9 October 2022 – 28th Sunday (C)

9 October 2022 – 28th Sunday (C)

(1) 2 Kings 5:14-17

When Naaman heeds Elisha and washes in the Jordan he is cured

Naaman the leper went down and immersed himself seven times in the Jordan, according to the word of the man of God; his flesh was restored like the flesh of a young boy and he was clean.

Then he returned to the man of God, he and all his company; he came and stood before him and said, “Now I know that there is no God in all the earth except in Israel; please accept a present from your servant.” But he said, “As the Lord lives, whom I serve, I will accept nothing!” He urged him to accept, but he refused. Then Naaman said, “If not, please let two mule-loads of earth be given to your servant; for your servant will no longer offer burnt offering or sacrifice to any god except the Lord.

Responsorial: Psalm 97:1-4

R./: The Lord has revealed to the nations his saving power

Sing a new song to the Lord
for he has worked wonders.
His right hand and his holy arm
have brought salvation. (R./)

The Lord has made known his salvation;
has shown his justice to the nations.
He has remembered his truth and love
for the house of Israel. (R./)

All the ends of the earth have seen
the salvation of our God.
Shout to the Lord all the earth,
ring out your joy. (R./)

(2) 2 Timothy 2:8-13

Preaching is a hard vocation; but we will also reign with Christ

Remember Jesus Christ, raised from the dead, a descendant of David-that is my gospel, for which I suffer hardship, even to the point of being chained like a criminal. But the word of God is not chained. Therefore I endure everything for the sake of the elect, so that they may also obtain the salvation that is in Christ Jesus, with eternal glory.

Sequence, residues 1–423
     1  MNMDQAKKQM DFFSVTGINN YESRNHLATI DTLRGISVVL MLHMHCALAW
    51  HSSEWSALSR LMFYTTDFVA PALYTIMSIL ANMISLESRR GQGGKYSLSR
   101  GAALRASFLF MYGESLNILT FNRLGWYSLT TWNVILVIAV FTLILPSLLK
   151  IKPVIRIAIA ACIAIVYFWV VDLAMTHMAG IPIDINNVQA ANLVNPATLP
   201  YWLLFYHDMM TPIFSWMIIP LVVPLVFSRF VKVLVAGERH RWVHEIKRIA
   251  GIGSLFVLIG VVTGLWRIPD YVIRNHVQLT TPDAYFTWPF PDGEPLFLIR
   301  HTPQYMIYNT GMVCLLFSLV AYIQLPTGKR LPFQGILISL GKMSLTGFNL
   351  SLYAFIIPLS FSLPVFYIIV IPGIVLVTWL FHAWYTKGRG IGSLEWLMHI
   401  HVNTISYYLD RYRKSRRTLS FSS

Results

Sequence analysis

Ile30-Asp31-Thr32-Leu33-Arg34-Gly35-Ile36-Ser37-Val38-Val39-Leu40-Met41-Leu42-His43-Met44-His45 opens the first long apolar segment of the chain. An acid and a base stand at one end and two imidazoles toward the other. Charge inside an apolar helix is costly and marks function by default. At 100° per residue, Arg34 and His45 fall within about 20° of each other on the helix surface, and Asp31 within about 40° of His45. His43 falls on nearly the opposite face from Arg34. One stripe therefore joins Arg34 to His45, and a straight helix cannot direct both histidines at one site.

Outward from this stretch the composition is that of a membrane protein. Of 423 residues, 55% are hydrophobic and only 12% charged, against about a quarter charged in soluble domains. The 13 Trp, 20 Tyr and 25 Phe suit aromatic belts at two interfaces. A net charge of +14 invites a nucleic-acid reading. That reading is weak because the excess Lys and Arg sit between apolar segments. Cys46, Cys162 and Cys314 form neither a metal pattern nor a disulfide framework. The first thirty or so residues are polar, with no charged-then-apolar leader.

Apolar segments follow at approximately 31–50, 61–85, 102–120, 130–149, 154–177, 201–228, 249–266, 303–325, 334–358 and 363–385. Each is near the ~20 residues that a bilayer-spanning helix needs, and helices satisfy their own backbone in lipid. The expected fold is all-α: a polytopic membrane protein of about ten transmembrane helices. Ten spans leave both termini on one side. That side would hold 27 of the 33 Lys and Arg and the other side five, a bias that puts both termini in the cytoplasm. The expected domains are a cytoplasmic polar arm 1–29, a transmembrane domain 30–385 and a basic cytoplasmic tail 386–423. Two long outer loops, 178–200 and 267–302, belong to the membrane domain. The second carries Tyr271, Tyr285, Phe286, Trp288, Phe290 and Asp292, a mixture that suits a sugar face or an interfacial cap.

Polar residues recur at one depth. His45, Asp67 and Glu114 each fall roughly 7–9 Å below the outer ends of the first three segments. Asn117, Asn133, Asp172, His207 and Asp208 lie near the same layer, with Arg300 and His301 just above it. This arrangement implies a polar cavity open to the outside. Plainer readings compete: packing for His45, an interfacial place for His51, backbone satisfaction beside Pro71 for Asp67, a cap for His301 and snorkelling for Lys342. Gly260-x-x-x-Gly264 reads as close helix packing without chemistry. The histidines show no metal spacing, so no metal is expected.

The saying is sure: If we have died with him, we will also live with him; if we endure, we will also reign with him; if we deny him, he will also deny us; if we are faithless, he remains faithful-for he cannot deny himself.

Gospel: Luke 17:11-19

Of the ten lepers cured, only one returned to express thanks

On the way to Jerusalem Jesus was going through the region between Samaria and Galilee. As he entered a village, ten lepers approached him. Keeping their distance, they called out, saying, “Jesus, Master, have mercy on us!” When he saw them, he said to them, “Go and show yourselves to the priests.” And as they went, they were made clean.

Then one of them, when he saw that he was healed, turned back, praising God with a loud voice. He prostrated himself at Jesus’ feet and thanked him. And he was a Samaritan. Then Jesus asked, “Were not ten made clean? But the other nine, where are they? Was none of them found to return and give praise to God except this foreigner?” Then he said to him, “Get up and go on your way; your faith has made you well.”